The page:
Maybe you're right that it is difficult to switch back and forth, though. Then again, it could also be a face issue. With more people around they want to be seen speaking English. However I'm really impressed with how courteous and professional they are at Kaohsiung location on the corner of 青年路 and 成功路. Another coffee shop where they're fairly receptive to foreigners learning Chinese is the 綠川小鋪 across from TLI on 中山路.

Thanks for tolerating my whining and Chinglish.:lol:

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She understood me but didn't like it and really loudly said(in English), "Yes, I know. THIS IS YOUR NUMBER!"

That's cute. :lol:

I don't go to cafes very often anyway. Can you guys think of places you can go where the employees actually have time to chat for a few minutes? If all you're doing is ordering or paying, they don't really have time to say much else.

STORY #1 - WAITRESS

I struck it rich one time - I went into a tiny little hole-in-the-wall restaurant alone, with almost no other customers. Family owned; daughter (college age) was waitress, mom was behind counter. The girl had nothing else to do, so after asking me some questions about where I was from, etc (she spoke english too), I asked her to sit with me and talk more. She hesitated, but she sat & we talked... after a few minutes her mom yelled at her but I smiled and said no, no, (and in my baby chinese at the time) "我喜欢,他的英文很好!“ - "I like" was all I could think of, but saying the daughter's english was good made mom smile and let her stay with me.

We spoke both languages, and each ended up with a receipt with new words on the back that we taught each other. It was really nice; I still remember it a year later.

STORY #2 - BUDDHIST GIRL

OH! Also, I went to buy something at a small stall/shop near Yonghegong Lama Temple - the girl (again, young) spoke no English, but still enjoyed talking to me for some reason. She was SO smiley and cheerful, and told me some buddhist-related things about the bracelets she sold (I didn't understand a lot of it), and when her friend brought her a handful of chaun'r breads, she insisted on me having one, so I finally accepted. I did end up buying 3 things from her and not haggling (she asked for cheap prices anyway, really), so you COULD say it was a "sales trick", to get me to buy, but it really wasn't. She really felt genuine, and sweet, she made me sit down & chat... I think really she was just bored and happy to say more than prices with a foreigner. And her sweetness and friendliness made me want to buy my things there rather from someone else anyway, to feel I gave HER my 35kuai, not another guy my 30kuai.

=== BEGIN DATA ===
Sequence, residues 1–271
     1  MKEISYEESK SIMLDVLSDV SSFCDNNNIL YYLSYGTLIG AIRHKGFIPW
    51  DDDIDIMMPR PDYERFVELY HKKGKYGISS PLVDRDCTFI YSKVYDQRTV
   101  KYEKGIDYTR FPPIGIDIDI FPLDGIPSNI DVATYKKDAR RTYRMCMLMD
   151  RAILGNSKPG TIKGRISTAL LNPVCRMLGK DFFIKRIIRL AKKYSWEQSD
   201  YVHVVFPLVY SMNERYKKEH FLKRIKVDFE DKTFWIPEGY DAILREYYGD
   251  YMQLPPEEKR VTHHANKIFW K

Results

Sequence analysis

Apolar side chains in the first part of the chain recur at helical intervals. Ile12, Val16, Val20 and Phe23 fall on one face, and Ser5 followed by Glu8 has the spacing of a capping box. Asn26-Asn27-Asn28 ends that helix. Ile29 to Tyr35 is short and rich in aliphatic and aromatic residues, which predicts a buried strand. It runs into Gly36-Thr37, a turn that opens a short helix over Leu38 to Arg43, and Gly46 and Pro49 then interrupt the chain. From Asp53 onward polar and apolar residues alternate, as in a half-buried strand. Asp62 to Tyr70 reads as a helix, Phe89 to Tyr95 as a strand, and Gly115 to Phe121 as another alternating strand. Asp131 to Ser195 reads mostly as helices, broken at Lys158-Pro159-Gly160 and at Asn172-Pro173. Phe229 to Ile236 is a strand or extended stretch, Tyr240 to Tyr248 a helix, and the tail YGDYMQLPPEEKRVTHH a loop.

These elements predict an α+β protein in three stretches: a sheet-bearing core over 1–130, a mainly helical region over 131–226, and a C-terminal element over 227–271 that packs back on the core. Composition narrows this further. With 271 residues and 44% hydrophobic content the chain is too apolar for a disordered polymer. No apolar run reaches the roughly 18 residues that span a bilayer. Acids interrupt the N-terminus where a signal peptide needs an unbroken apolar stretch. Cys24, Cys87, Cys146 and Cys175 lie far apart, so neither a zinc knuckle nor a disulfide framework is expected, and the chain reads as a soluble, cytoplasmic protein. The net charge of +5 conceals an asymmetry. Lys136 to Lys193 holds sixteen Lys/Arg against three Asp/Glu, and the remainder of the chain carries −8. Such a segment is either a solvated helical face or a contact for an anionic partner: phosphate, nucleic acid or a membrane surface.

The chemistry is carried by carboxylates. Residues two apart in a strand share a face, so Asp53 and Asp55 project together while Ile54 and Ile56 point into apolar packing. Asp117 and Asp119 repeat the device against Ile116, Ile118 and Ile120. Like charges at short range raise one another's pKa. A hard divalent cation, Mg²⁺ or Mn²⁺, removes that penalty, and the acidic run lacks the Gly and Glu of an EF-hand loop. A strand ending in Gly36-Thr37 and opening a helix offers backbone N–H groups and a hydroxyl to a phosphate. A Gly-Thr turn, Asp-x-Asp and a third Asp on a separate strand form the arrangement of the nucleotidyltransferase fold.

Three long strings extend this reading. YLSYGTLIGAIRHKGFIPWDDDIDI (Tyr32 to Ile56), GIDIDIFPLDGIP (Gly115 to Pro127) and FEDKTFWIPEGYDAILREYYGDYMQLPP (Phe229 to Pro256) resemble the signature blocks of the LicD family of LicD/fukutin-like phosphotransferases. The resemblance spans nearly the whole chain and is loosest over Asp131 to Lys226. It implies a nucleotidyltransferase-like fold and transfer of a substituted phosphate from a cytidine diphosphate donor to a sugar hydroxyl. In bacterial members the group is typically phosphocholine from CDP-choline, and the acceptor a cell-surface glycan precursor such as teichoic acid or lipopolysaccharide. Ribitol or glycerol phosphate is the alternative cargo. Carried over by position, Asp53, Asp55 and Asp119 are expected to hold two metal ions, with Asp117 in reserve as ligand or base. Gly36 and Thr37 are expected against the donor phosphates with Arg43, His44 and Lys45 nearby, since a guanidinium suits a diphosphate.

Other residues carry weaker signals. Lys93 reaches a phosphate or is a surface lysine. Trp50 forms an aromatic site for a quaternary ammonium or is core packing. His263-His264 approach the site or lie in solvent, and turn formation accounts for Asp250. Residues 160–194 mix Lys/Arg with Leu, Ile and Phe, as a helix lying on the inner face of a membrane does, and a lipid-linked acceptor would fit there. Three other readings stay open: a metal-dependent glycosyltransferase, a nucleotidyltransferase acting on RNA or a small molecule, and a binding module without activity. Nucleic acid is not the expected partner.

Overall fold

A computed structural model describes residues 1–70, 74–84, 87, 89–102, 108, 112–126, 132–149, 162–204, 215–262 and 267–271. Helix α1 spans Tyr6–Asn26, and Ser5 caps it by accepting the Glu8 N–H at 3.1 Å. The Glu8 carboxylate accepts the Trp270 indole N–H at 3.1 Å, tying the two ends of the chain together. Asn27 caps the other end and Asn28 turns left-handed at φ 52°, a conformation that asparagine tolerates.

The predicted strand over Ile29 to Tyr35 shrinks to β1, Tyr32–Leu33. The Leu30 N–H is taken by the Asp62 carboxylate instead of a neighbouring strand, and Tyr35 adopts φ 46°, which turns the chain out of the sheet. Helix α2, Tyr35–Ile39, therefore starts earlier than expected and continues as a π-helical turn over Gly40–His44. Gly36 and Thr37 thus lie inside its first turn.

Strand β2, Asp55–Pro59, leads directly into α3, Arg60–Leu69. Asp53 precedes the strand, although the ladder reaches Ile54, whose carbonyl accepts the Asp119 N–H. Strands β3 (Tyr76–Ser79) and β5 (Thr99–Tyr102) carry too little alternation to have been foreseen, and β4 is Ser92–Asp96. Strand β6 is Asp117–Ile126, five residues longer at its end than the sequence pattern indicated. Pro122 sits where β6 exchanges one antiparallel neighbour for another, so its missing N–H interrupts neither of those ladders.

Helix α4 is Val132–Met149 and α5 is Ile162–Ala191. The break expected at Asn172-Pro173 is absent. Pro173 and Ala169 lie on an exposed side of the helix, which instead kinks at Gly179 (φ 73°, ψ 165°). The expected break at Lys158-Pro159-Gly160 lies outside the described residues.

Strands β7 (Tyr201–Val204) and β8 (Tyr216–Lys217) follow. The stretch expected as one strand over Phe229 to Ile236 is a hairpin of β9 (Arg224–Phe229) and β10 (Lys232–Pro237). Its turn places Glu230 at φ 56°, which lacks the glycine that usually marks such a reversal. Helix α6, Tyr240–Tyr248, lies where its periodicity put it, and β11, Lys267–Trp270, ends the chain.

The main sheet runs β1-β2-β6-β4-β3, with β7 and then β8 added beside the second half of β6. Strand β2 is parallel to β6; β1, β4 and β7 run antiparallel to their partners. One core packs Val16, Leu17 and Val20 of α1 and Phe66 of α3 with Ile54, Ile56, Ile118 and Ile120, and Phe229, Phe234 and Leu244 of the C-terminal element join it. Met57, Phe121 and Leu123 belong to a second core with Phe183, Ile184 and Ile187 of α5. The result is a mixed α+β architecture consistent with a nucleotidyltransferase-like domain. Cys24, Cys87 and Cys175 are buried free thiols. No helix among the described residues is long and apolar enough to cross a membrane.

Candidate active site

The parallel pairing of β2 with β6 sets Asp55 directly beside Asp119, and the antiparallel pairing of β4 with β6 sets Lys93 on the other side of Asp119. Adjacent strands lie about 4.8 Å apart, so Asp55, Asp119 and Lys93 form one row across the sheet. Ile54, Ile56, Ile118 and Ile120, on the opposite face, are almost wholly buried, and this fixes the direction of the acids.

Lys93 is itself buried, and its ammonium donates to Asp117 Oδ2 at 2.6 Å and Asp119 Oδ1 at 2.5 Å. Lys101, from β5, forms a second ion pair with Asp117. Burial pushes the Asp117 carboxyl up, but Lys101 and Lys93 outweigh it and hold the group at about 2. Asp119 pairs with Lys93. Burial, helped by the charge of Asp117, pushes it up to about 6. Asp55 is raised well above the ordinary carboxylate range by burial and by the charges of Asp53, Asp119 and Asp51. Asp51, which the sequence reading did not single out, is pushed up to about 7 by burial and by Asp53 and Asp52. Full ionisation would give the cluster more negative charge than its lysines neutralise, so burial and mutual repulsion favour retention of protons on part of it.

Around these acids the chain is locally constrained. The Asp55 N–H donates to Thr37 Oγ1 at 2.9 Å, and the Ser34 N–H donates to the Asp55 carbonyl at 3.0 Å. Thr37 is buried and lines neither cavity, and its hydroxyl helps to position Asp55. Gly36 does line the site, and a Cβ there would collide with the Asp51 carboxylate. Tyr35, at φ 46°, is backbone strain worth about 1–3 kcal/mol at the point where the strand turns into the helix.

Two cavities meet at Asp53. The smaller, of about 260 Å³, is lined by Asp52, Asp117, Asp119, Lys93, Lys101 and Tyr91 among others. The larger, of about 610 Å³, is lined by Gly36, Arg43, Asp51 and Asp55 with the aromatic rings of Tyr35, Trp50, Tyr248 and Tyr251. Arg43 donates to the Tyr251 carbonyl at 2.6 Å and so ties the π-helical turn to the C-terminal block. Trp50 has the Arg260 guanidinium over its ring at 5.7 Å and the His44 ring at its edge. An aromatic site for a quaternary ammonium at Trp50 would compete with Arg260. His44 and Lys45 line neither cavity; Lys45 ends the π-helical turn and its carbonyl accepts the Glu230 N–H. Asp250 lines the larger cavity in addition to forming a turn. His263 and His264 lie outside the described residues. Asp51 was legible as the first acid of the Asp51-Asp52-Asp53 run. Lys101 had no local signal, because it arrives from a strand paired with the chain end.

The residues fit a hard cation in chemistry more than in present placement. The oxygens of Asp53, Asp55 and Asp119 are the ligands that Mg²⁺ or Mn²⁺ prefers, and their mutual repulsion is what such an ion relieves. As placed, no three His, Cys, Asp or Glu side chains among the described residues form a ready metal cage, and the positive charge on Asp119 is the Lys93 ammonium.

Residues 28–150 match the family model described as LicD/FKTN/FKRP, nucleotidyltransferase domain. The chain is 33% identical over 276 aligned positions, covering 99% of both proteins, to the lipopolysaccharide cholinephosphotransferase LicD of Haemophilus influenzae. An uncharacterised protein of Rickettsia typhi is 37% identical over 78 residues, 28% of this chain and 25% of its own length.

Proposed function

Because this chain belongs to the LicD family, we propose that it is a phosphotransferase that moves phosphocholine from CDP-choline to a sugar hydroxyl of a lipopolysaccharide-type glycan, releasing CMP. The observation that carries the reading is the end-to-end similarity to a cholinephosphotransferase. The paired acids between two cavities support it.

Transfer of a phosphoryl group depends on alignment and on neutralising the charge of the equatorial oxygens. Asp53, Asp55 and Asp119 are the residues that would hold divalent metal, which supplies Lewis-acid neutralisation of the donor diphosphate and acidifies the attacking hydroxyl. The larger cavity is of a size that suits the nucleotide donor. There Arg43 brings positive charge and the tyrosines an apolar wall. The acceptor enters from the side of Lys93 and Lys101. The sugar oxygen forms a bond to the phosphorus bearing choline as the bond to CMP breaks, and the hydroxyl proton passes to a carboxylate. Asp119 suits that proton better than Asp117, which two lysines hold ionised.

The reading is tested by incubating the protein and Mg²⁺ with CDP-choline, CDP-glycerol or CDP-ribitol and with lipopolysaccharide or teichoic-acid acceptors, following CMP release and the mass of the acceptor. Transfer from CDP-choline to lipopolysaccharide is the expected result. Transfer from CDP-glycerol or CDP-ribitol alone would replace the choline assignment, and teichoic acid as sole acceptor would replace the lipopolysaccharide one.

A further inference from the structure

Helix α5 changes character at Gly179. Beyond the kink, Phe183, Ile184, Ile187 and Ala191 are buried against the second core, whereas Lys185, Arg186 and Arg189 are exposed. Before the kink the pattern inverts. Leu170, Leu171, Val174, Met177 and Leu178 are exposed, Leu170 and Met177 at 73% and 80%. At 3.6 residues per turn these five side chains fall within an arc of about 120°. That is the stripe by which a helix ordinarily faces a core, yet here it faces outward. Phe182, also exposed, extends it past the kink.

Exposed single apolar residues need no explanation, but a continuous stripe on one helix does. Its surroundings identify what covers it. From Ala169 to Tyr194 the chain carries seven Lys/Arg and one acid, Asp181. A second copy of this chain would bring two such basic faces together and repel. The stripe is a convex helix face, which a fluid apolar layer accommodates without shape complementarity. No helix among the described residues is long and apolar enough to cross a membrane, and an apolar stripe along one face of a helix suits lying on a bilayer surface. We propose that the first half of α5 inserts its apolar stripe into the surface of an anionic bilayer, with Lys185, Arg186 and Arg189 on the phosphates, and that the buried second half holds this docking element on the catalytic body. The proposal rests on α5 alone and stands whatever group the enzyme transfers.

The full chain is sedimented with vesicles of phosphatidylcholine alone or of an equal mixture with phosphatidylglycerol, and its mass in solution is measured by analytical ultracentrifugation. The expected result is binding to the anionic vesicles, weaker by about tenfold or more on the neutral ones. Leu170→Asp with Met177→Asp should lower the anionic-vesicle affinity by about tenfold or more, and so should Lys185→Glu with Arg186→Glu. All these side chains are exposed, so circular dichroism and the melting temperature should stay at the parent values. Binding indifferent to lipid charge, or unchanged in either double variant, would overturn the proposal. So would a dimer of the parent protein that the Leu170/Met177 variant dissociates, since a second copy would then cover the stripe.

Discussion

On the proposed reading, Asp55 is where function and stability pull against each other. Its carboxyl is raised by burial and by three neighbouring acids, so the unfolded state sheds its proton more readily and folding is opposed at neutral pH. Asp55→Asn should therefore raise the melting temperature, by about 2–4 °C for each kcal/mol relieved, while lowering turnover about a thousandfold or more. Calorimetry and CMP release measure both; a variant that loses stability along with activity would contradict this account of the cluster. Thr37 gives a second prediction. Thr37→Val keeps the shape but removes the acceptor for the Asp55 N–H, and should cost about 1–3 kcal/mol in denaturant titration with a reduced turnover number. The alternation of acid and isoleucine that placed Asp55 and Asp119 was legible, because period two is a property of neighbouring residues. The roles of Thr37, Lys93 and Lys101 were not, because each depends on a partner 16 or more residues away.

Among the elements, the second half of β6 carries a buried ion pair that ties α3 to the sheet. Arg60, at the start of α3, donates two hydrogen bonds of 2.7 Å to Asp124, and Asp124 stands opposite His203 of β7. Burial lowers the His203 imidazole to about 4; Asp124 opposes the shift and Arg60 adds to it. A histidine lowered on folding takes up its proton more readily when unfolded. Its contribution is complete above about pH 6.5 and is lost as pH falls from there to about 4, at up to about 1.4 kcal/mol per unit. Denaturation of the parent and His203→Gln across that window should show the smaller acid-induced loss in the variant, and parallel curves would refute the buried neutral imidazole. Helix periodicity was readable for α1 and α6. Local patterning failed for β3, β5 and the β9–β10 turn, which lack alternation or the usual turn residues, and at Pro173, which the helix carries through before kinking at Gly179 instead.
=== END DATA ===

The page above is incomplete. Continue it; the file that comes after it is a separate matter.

So maybe go do some normal business at a VERY small shop/restaurant at a time when it's NOT BUSY.

That's my final conclusion.

I forgot about those for a while. I have to remember that and try my own advice again!

Thanks!

:D

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Because 星 = star, from the Starbuck's name. And they wanted a pretty name for their product.

Thanks. Good observation. Should other places follow their lead? 多那之 -多冰樂 ?

綠川小鋪 -冰沙川? OK so I'm not stocked up in the wit department.

Thanks for sharing those experiences. Two things I think you're right about are: 1.going to a place a bit isolated and not overcrowded 2.Being kind towards others' English/language ability. That will also help prevent you from setting yourself up in case you make a mistake. I will point out that I didn't necessarily mean just ordering, as at some places if they like you, they will not only take your order in Chinese, but chat with you as well.

I struck it rich the other night as well. I went to a pub in Kaohsiung on 五福路在blue fantasy的隔壁. Leave it to me not to take note of the name. The people there really wanted to use Chinese, and even when they did have a question about English, they asked it using Chinese.

Another place I went to was called Mystery Pub on 中興路. I'll post the full name and address when I find the 名片. It was a great night. We talked until 2 or 3 in the morning. I feel bad that I was their only customer, though.

There really are times when it's great and the people are wonderful. Maybe it's just the odd place or person that makes me lose perspective.

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  • 3 months later...

I've started a blog about speaking Mandarin in Taiwan. It's more about places that are receptive and/ or have a good environment for a foreigner using Mandarin.

I've brought this up in a thread before and some members had valid criticisms like it not being useful, and that bad experiences are sometimes due to individuals working there, not the place. However, places in Taiwan can really differ, and the difference between ones that have good environment and great people and the ones that don't can be like night and day. My feeling, though is that if you own a place, you should have your staff trained, even the jerks.

Anyways, I thought I owed some spots in Taiwan their due. These are places that not only let you order, but also were friendly and would chat with you. I will be adding many more spots and will be using more Chinese in the blog, too. I welcome anyone to visit, and correct me if my Chinese or anything else is wrong.

http://speakingchineseintaiwan.blogspot.com/